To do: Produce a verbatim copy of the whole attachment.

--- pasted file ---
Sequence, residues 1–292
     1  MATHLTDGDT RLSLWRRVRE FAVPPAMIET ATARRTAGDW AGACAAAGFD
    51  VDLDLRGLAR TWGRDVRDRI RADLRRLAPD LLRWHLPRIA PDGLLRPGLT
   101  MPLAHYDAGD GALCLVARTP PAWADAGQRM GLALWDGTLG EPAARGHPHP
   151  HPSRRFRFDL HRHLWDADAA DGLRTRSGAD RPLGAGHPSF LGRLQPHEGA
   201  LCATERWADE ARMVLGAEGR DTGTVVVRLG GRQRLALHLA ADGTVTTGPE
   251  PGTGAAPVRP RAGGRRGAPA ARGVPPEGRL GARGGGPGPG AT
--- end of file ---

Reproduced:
Sequence, residues 1–292
     1  MATHLTDGDT RLSLWRRVRE FAVPPAMIET ATARRTAGDW AGACAAAGFD
    51  VDLDLRGLAR TWGRDVRDRI RADLRRLAPD LLRWHLPRIA PDGLLRPGLT
   101  MPLAHYDAGD GALCLVARTP PAWADAGQRM GLALWDGTLG EPAARGHPHP
   151  HPSRRFRFDL HRHLWDADAA DGLRTRSGAD RPLGAGHPSF LGRLQPHEGA
   201  LCATERWADE ARMVLGAEGR DTGTVVVRLG GRQRLALHLA ADGTVTTGPE
   251  PGTGAAPVRP RAGGRRGAPA ARGVPPEGRL GARGGGPGPG AT